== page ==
Facets of proprioception are summarised in Figure 5.9 (see also Section 10.2). It is important to note that our sense of sight coupled with the intuitive knowledge that we possess in relation to the position and orientation of our limbs, provides an incredibly powerful mechanism for interaction with our surroundings. Since computer graphics techniques provide the primary means by which we visualise and interact with computer-processed data, it is apparent that issues relating to proprioception should be considered when developing computer graphics based applications.

OTU Exercise 5.8: Bi-manual Interaction Although human dexterity is greatly enhanced through the use of synergistic bi-manual interaction, conventional computer interaction techniques (typically based on the keyboard and mouse) and computer graphics applications, generally support only uni-manual interaction. The task of threading cotton through the ‘eye’ of a sewing needle provides a simple example of an interaction task that draws on not only our sense of sight but also on the use of two hands working synergistically. This can be readily demonstrated as follows: (a) (b)

Hold a needle in the non-preferred hand (i.e. if you are right-handed, hold the needle in the left hand) and thread the cotton through the eye of the needle. Attach the needle to a ﬁxed object (e.g. hold the needle in a vice) and without using the non-preferred hand in any way, again thread the cotton (i.e. use only the preferred hand for the task).

Compare the relative difﬁculty of these two approaches.

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An Introduction to Computer Graphics and Creative 3-D Environments Awareness of whether a movement is generated internally or externally

Awareness of the relative position of different parts of the body

Awareness of movement

PROPRIOCEPTION

Awareness of the rate of movement of limbs

Awareness of the effort required in contracting muscles

Awareness of the direction of movement of limbs

Awareness of the weight supported by a limb

Figure 5.9 Some facets of proprioception. From our current perspective, it is important to note that aspects of proprioception play a vital role in our interaction with computer systems. (Diagram © 2005 Q. S. Blundell.)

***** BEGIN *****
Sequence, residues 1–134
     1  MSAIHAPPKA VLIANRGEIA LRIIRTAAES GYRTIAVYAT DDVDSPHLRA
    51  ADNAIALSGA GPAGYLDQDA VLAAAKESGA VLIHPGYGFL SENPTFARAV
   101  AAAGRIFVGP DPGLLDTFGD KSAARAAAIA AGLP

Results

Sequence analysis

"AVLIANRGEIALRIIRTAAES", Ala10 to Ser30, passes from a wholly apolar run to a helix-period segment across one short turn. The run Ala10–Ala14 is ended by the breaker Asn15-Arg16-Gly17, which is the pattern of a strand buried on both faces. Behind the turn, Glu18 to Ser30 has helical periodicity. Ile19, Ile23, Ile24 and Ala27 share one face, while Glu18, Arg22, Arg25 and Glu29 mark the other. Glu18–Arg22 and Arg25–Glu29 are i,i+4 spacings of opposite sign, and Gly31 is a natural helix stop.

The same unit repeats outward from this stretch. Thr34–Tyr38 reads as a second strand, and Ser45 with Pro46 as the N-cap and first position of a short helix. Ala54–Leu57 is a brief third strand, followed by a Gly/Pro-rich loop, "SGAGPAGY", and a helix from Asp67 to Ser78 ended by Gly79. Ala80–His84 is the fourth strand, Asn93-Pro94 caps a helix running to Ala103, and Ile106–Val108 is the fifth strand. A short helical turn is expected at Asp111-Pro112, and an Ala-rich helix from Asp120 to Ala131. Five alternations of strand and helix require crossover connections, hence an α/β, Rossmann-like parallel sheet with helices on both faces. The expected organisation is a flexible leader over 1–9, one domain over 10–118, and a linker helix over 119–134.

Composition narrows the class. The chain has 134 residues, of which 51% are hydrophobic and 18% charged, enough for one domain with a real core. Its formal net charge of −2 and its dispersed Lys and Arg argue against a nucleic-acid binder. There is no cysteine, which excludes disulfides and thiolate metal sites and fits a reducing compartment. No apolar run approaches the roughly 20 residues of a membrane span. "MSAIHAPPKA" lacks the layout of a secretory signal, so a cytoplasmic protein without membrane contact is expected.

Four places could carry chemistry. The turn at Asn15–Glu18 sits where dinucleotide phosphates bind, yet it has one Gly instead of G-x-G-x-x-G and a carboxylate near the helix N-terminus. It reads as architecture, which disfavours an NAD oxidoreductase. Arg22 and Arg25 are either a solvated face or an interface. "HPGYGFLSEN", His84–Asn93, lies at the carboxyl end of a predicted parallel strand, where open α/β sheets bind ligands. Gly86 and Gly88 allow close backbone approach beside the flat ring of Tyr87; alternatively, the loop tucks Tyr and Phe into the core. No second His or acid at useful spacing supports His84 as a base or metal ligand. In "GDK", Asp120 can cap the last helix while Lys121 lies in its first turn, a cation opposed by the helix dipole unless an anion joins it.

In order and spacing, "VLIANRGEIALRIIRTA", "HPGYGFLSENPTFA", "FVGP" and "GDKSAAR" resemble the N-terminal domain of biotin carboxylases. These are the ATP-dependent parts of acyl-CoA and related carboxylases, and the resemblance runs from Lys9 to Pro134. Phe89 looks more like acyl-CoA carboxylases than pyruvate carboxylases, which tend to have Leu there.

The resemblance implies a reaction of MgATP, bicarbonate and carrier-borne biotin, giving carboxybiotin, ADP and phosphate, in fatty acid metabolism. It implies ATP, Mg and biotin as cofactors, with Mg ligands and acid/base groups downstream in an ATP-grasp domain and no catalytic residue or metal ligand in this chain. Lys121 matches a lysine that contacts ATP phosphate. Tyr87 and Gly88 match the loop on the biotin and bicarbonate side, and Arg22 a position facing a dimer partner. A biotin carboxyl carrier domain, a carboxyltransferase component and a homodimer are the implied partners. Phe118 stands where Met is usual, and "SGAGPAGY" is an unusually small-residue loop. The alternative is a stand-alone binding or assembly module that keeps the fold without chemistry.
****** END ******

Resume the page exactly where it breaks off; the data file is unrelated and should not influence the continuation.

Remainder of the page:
5.3.2 Dynamic Scenes In the context of driving a car, consider the type of judgements that we make in relation to gauging relative and absolute distances and also relative speeds (after a little practice, such judgements are generally made without conscious effort). Perhaps we are driving at speed along a busy motorway and decide to overtake a truck that is in front of us. With only a glance in the rear view mirror we rapidly determine the relative distance and speed of a vehicle approaching in the outside lane. On the basis of this information, we change lanes, accelerate and overtake. Seemingly without effort we again change lanes – a task that relies on our accurate judgement of both the speed and the separation of the vehicles between which we reposition our car. All of these judgements must be made in real time and our visual system must take into account ever-changing geometry – the position of traffic is continually varying with respect to our own coordinate system(s). When driving a car, we seldom consciously reﬂect on the nature of information presented to the visual system and upon which often critical decisions are based. Nor (even when ﬁrst learning to drive) are we consciously selective of the cues that we employ in carrying out manoeuvres. In contrast, when learning to land a light aircraft, there is a need to make a conscious effort – in those ﬁnal moments before touch-down, our centre of attention should be directed towards the horizon – although instinctively, there is perhaps a feeling that we should be focusing on the ground immediately below the plane and with which we wish to make gentle contact! In this situation, we must consciously adapt and develop our everyday use of depth cue information.